Rasheed is portrayed as a well-rounded villain, influenced by his rural upbringing where honor and reputation hold great importance. He sees the behavior of his wives as a reflection of his own honor, leading to his abusive tendencies towards them. However, he shows tenderness towards his son, highlighting the double standards and societal expectations placed on men and women.

The novel also explores the effects of misogyny on the lives of women in Afghanistan. Mariam's mother, Nana, is bitter and possessive, driven by her experiences with misogyny and constantly fearing for her daughter's future. Rasheed's forced marriage to Mariam and his actions of controlling and repressing her desires symbolize the oppression and lack of agency faced by women in Afghan society. The Taliban regime's strict restrictions on women, such as compulsory burqa-wearing and punishment for minor infractions, further highlight the theme of misogyny.

Parental relationships also play a significant role in the characters' lives. Laila's father prioritizes her education and encourages her to dream big, while Mariam's mother prevents her from receiving an education and working outside the home. This difference in upbringing has a profound effect on their lives, as Mariam is denied opportunities and faces social stigma as an illegitimate child.

The overarching theme of conflict and change is present throughout the novel, as the characters' lives are constantly affected by political turmoil and regime changes. After Rasheed's shoe shop burns down, plunging the family into poverty, Laila sends Aziza to an orphanage in an act of defiance, refusing to let her daughter beg on the streets. There, Aziza is secretly educated by the orphanage director and eventually reunites with Laila and Mariam when their lives intersect. Tariq, Laila's childhood friend and love interest, also returns to Kabul, leading to a confrontation with Rasheed. In a fit of rage, Rasheed attempts to strangle Laila, but Mariam intervenes and kills him, saving Laila's life. However, Mariam is sentenced to death by a Taliban judge, showcasing the injustice faced by women in their society. Despite this setback, Laila eventually reunites with Aziza and marries Tariq, who becomes a loving father to both of her children.

The story is narrated by an unnamed, omniscient third-person narrator, providing readers with insight into the thoughts and perspectives of various characters. The narrative shifts between Mariam and Laila, two resilient and strong women who navigate the turmoil of Afghanistan's war-torn history, emerging as heroes in their own right. A Thousand Splendid Suns is a powerful and moving novel that sheds light on the effects of misogyny, parental relationships, and conflict on the lives of women in Afghanistan.

The Impact of Social and Political Turmoil on Women in A Thousand Splendid Suns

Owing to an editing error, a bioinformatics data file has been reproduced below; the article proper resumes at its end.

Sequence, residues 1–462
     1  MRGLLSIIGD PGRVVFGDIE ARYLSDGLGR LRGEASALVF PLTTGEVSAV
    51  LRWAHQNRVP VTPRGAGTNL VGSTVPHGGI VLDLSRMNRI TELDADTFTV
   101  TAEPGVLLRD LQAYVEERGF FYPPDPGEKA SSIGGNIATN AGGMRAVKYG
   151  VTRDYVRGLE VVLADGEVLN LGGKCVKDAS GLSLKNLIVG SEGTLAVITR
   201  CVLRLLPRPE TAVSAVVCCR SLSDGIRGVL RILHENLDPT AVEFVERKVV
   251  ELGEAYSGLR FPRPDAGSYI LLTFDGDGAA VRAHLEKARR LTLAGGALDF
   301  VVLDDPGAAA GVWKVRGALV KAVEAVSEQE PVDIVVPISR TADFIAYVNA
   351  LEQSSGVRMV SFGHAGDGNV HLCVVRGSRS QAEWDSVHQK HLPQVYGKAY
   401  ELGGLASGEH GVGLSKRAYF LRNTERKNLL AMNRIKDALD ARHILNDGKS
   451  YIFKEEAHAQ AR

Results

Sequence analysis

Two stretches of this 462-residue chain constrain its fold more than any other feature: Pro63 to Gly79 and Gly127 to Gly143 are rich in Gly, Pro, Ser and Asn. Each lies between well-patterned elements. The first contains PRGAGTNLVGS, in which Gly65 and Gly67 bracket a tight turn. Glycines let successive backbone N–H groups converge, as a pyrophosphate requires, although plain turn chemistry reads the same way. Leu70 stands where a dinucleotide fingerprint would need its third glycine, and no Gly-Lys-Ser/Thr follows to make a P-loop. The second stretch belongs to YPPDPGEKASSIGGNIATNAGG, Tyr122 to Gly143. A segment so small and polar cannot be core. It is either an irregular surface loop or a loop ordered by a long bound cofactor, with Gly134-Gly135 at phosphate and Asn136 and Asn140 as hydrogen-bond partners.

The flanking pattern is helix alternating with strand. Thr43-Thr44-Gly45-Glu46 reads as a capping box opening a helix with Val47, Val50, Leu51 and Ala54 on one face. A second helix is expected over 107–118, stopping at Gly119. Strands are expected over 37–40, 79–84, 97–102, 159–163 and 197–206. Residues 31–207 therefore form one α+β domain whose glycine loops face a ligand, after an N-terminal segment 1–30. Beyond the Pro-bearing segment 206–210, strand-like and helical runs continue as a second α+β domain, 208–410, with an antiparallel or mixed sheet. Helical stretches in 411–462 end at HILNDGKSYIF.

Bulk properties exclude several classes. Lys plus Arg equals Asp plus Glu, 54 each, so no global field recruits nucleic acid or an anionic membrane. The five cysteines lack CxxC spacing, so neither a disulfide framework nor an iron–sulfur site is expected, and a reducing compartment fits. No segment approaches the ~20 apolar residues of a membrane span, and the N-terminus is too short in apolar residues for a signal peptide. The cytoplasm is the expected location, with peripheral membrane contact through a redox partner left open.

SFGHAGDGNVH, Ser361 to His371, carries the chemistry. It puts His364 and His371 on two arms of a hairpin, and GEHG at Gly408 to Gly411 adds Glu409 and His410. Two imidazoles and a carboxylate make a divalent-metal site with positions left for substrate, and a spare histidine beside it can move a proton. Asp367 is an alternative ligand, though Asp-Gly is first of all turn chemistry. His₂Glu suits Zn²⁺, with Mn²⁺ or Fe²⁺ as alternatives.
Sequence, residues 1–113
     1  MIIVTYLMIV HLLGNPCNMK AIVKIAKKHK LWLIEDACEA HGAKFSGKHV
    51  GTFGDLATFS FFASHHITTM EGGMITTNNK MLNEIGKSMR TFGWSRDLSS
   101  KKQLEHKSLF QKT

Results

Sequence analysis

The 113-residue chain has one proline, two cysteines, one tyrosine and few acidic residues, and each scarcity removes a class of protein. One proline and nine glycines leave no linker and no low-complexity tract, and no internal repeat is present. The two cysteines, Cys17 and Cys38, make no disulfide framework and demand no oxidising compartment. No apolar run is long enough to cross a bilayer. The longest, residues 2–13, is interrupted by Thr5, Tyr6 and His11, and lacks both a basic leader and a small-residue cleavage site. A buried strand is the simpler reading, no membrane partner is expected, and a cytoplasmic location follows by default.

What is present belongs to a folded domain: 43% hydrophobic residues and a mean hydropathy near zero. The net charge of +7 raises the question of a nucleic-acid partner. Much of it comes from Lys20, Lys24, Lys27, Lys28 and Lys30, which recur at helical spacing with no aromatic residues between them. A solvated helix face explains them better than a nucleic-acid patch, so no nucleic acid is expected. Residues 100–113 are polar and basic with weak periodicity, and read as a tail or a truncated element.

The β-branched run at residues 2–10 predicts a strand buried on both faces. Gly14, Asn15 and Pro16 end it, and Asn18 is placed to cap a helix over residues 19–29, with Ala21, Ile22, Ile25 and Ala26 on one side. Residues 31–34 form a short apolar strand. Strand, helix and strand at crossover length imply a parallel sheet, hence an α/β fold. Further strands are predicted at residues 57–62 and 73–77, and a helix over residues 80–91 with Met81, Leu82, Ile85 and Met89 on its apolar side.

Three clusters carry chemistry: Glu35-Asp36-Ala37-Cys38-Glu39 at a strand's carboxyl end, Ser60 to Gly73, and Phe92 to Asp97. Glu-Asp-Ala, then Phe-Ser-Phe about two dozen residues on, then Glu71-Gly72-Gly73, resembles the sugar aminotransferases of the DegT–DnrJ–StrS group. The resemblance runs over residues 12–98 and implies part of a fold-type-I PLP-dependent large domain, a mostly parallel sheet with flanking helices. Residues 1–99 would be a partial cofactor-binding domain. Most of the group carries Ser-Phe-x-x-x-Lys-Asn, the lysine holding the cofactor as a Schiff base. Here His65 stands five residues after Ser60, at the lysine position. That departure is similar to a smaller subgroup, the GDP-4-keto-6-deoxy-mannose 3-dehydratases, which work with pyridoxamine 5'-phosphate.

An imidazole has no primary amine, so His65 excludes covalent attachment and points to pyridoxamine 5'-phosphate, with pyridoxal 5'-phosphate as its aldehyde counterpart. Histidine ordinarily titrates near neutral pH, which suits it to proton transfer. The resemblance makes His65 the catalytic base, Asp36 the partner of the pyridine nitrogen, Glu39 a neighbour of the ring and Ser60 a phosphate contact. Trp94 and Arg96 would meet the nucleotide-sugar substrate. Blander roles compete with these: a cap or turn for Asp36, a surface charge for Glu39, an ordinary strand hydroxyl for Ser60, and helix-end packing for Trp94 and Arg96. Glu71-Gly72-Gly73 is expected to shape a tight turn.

In Kabul, women's freedoms have been severely restricted as a result of political and cultural constraints. Once able to move around freely and choose their clothing, they are now required to be accompanied by men and wear burqas. This oppression is a central theme in A Thousand Splendid Suns, along with the influence of parental relationships and the consequences of conflict and change.

A Thousand Splendid Suns, written by Khaled Hosseini, sheds light on the struggles faced by women in Afghanistan. It tells the story of two main characters, Mariam and Laila, and the significant changes in their lives as their country transitions through different regimes.

The novel offers a deeper understanding of the experiences of ordinary Afghans during times of turmoil. It highlights the damaging effects of misogyny, the power of parental relationships, and the consequences of social and political conflict on people's lives.

In some areas of Afghanistan, traditional customs rejected the communist government's efforts to emancipate women and establish laws to protect them. This was seen as a threat to long-standing traditions, resulting in tension between rural communities and occupying forces. These dynamics are explained to Laila by Hakim's father in the novel's 18th chapter.

A Thousand Splendid Suns: A Unique Perspective

A Thousand Splendid Suns offers a unique perspective by telling the stories of women and girls in Afghanistan. It provides a global audience with a deeper understanding of the struggles and hardships faced by the ordinary people of Afghanistan.

The novel is a work of historical fiction and not based on a specific true story. However, it reflects the harsh realities faced by women in Afghanistan during times of political and social strife. It also portrays their resilience and strength in the face of adversity.

The Themes of A Thousand Splendid Suns

Misogyny, relationships between parents and children, conflict, and social change are the main themes explored in A Thousand Splendid Suns. Through these themes, the novel highlights the importance of protecting and caring for loved ones and striving to provide them with a better life.

A Thousand Splendid Suns also conveys a powerful message about the fundamental rights of women. It emphasizes the importance of women's education, employment, freedom to choose a partner, and equal participation in society.

The Moral of the Story

A Thousand Splendid Suns teaches readers about the resilience and strength of the human spirit in the face of adversity. It also emphasizes the importance of standing up for women's rights and working towards a better and more equal society for all.


  • Collins Dictionary (Collins, 2022).